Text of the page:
As the calendar year turns a new page, we are all looking for ways to give our finances a fresh start in 2021. If the sight of monthly credit card statements in your mailbox or inbox gives you fright, one way to save money in the new year is by transferring your high-rate credit card balances to a lower-interest card.
Balance transfers, if used wisely, can be a great tool to help you pay down debt, consolidate your bills and save money on interest payments.
Balance transfer basics
A balance transfer is a financial transaction that takes your debt balance owed to one lender and transfers it to a new lender.
Let’s say, for example:
- Clark owes $1,000 on his Macy’s store credit card, which carries a high interest rate of (yikes!) 28%.
- Clark transfers his $1,000 debt that he owed Macy’s over to ABC Credit Union’s credit card, who is offering a 5% APR balance transfer promotion for ten months.
- ABC Credit Union pays off his debt to Macy’s in full.
- Clark now owes his debt of $1,000 to ABC Credit Union. Instead of paying the 28% interest rate to Macys, Clark will be making his monthly payments to ABC Credit Union at the much lower interest rate of 5%.
A balance transfer is changing the destination of your debt to take advantage of a lower interest rate. It is not debt forgiveness, a personal loan or repayment. You aren’t getting rid of your debt, you’re simply moving it.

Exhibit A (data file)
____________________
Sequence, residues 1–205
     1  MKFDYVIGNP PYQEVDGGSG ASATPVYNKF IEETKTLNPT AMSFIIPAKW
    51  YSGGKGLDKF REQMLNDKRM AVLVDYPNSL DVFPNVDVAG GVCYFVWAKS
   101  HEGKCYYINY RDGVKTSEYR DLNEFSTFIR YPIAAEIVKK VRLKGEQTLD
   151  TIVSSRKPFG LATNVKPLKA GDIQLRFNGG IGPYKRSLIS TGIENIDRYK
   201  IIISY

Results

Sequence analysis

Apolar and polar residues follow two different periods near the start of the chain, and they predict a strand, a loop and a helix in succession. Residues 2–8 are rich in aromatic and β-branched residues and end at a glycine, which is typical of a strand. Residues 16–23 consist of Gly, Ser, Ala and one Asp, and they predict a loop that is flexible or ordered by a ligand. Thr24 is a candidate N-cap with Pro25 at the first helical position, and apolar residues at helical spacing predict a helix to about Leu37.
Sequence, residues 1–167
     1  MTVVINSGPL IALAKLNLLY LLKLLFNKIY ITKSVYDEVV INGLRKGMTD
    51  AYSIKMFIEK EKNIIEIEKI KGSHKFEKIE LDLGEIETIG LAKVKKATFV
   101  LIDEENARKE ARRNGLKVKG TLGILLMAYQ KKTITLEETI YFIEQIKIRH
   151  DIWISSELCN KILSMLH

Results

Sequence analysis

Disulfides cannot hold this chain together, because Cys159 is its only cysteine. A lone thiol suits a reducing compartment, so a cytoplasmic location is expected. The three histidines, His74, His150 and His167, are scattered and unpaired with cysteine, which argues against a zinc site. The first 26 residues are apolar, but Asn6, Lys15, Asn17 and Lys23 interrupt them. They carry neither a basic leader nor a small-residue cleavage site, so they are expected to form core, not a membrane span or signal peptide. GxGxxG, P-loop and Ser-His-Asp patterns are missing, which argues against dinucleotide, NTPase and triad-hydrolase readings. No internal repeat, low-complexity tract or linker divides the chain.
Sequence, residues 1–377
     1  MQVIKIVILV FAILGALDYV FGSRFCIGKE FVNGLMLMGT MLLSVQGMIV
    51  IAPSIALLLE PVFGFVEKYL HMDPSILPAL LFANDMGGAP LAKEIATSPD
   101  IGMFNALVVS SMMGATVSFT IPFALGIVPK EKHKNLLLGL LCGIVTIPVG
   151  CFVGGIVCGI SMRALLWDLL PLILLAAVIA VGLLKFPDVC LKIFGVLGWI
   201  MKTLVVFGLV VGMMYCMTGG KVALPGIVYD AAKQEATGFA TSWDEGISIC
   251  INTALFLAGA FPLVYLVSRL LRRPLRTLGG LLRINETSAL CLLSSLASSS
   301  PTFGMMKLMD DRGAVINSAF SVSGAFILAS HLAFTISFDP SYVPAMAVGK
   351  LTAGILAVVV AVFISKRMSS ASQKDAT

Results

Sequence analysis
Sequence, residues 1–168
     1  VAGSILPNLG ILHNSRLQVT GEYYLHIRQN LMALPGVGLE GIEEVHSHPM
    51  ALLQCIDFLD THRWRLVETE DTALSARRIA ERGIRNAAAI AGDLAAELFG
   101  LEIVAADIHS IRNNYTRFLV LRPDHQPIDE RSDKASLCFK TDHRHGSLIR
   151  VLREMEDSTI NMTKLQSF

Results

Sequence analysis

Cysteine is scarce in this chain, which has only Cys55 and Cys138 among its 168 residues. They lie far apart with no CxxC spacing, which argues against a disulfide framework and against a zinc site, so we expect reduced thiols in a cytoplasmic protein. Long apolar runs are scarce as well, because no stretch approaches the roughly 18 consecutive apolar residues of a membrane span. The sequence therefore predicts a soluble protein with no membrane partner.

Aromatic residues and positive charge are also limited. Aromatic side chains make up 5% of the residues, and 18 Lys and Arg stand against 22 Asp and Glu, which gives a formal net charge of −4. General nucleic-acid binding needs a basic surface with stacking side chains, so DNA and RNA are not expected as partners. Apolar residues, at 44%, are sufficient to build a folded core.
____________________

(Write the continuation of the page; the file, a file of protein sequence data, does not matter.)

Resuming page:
The savings can be huge.
Transferring your high-rate balances to a lower-rate card may allow you to pay off your debt faster and save hundreds—even thousands—on interest over the promotional period.
Let’s suppose you have a $5,000 credit card balance with an interest rate of 15.4%. If you pay only the $25 monthly minimum payment, it would take you 22 years to pay off your balance. And, over that time you will have paid over $6,010 in interest.
Now suppose that you transfer that balance to a card with a lower interest rate—for example, 10.4%. Assuming you continue making only the $25 monthly minimum payment, you’d pay off your balance in 21 years—a year early. May not sound like much, but with the lower rate in the end you would pay only $3,987 in interest. That’s a savings of $2,023!*
A balance transfer can help consolidate debt.
If you have multiple credit cards, keeping up with different payment dates can be difficult. And the penalties for late or missed payments can really add up.
Moving all (or most) of your credit card balances to one card can help simplify your payments. Instead of paying different credit card companies at various times throughout the month, you will now make one payment to one company. You will only have to remember one payment due date, with fewer bills to keep track of.
Do I need a new credit card to make a balance transfer?
You can transfer balances to a card that you already have, assuming you have enough available credit on the card. However, you may need to open a new credit card account to take advantage of that card’s special offer.
You may also feel stuck with your current credit cards, dealing with high interest rates and terms that don’t offer you much as a cardholder. A new card may offer a lower interest rate even after the promotional period ends, and more favorable terms. Even better would be to find a balance transfer card that offers perks and can earn you rewards.